Facing Rising Public Expense What Policy Solutions Do We Have?
The chronically homeless in New Jersey often turn to hospital emergency rooms for their medical care – some are simply looking for a safe, warm and dry place while others repeatedly seek treatment for serious medical conditions.
A May 25, 2012 article in The Record, “More Homeless in NJ Using Hospitals for Shelter and Food” profiles service providers, homeless individuals and the medial center emergency departments that serve them – often over and over again. While not a new story, it reveals the serious drain on he system caused by high frequency users of the emergency healthcare system.
Says Holy Name Medical Center in Teaneck spokeswoman Jacqueline Kates:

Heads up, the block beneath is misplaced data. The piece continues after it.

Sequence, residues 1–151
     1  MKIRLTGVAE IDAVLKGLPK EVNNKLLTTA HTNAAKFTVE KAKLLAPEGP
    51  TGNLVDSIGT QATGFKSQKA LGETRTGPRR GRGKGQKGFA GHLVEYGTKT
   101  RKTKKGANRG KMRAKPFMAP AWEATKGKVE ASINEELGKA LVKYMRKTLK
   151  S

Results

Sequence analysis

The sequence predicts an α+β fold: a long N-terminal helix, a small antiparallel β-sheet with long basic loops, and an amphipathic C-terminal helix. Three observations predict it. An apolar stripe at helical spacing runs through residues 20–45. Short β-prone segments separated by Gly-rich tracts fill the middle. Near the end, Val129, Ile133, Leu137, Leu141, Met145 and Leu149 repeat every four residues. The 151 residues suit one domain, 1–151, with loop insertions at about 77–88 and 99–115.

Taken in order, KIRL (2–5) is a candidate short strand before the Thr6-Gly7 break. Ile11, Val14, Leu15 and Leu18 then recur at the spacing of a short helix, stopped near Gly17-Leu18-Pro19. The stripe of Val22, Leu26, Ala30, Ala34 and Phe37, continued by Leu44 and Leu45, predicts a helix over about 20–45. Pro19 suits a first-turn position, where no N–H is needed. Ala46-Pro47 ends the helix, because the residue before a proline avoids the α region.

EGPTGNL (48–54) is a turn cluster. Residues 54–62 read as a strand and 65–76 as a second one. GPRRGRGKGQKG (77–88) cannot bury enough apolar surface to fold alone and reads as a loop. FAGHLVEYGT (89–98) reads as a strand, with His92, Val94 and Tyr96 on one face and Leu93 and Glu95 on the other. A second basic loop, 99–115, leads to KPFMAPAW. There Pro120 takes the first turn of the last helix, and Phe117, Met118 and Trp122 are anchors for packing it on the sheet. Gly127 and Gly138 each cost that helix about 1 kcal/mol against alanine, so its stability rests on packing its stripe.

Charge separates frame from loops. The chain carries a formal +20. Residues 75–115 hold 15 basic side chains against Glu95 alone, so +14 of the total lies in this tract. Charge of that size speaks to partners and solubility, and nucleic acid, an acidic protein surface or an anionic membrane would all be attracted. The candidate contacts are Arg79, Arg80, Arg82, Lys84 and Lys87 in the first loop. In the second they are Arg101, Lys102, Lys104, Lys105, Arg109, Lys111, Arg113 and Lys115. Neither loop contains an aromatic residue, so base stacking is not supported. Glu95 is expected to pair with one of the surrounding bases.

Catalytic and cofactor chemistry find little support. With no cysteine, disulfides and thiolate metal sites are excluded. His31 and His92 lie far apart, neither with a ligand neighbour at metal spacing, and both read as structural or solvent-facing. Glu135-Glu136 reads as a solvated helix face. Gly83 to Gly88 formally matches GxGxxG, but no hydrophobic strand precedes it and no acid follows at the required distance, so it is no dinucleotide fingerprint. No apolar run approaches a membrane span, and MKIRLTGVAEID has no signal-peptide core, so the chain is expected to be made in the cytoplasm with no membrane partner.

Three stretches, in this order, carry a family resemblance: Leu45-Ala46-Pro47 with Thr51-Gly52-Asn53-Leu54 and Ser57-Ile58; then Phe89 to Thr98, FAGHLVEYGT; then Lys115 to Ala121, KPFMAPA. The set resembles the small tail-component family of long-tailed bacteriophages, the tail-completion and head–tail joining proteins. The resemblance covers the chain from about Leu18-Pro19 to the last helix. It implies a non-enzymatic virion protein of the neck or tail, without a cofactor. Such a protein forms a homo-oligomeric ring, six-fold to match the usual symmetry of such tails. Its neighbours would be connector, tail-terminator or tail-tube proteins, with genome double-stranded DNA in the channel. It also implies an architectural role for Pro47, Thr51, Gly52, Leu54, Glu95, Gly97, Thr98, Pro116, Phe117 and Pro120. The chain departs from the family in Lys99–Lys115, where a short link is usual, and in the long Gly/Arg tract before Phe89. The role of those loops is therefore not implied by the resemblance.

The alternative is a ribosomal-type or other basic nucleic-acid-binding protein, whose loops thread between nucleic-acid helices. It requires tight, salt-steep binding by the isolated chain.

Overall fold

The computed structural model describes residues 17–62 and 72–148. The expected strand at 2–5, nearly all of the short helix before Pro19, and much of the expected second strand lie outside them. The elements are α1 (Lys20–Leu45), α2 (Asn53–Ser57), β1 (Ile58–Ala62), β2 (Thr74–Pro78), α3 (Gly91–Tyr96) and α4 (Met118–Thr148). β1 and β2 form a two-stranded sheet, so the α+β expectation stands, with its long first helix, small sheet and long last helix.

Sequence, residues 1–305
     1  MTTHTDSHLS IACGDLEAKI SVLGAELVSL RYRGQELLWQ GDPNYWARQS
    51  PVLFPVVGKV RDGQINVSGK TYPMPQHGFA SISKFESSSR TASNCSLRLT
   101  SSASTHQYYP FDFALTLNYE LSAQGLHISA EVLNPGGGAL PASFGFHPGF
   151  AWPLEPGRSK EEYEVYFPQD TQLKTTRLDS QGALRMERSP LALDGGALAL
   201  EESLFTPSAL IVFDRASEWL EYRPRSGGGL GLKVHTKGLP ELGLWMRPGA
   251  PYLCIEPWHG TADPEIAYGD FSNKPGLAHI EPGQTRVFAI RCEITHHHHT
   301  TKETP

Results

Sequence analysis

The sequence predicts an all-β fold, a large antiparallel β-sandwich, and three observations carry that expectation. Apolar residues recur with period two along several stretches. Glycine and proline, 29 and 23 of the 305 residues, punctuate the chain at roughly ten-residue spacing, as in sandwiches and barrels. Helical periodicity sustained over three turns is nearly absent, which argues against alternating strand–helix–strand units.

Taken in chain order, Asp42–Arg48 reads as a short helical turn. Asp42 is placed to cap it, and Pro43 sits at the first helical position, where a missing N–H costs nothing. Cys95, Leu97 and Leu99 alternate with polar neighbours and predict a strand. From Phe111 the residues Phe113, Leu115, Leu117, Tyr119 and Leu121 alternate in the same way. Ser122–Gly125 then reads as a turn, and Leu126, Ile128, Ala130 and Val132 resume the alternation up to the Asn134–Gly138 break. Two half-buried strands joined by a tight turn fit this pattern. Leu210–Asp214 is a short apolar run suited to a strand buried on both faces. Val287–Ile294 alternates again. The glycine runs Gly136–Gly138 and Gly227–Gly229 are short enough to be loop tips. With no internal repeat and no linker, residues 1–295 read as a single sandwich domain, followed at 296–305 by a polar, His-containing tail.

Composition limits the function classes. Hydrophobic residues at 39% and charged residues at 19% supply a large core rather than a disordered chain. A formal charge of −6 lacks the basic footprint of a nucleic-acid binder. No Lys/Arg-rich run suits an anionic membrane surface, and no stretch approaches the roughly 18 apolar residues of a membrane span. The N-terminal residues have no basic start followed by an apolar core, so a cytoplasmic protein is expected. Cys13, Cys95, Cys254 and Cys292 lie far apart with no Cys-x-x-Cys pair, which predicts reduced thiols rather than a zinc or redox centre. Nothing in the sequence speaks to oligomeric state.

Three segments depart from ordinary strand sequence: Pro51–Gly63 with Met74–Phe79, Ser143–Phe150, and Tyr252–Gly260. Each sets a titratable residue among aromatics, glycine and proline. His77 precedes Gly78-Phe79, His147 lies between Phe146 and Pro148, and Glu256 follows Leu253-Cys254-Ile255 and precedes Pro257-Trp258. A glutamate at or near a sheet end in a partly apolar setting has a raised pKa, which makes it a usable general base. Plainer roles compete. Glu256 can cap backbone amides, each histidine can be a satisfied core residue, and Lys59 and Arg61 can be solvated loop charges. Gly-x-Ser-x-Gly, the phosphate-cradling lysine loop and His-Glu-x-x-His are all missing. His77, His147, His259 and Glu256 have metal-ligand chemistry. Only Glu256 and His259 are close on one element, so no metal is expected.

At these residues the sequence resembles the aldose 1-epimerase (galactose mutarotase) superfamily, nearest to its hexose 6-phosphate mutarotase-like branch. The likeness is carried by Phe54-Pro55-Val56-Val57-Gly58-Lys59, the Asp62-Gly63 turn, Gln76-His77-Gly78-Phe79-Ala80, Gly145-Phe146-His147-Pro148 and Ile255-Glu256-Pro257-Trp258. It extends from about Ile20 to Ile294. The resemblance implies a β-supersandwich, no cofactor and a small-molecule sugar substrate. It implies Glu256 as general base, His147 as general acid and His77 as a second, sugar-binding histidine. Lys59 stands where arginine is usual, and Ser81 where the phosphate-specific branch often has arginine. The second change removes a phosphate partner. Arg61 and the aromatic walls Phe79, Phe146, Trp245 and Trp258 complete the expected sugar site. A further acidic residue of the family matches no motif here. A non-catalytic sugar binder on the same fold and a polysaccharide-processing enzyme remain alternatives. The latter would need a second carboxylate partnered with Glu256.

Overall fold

“We don’t turn away any sick people whatever their circumstance is but the hospital is not the solution for the homeless problem.”
Hospitals in New Jersey spend a total of $2.2 billion caring for homeless and other poor individuals who cannot afford their own treatment. And as just one local example of charity care expenses, at Englewood Hospital and Medical Center:
In January and February of 2012, the hospital saw a 66% increase over January and February of 2011;
There was an almost 15% increase between 2010 and 2011; and
In 2011, the hospital was reimbursed only $1.4 million from the state’s charity-care fund for the nearly $15 million it provided.
But there are potential solutions to this problem. Hospitals are becoming more thorough in ensuring that they are not discharging individuals back into homelessness. And Monarch Housing Associates is working with several communities in the state in exploring the development of programs targeted towards the high frequency user population. We will provide updates on our joint efforts through our website.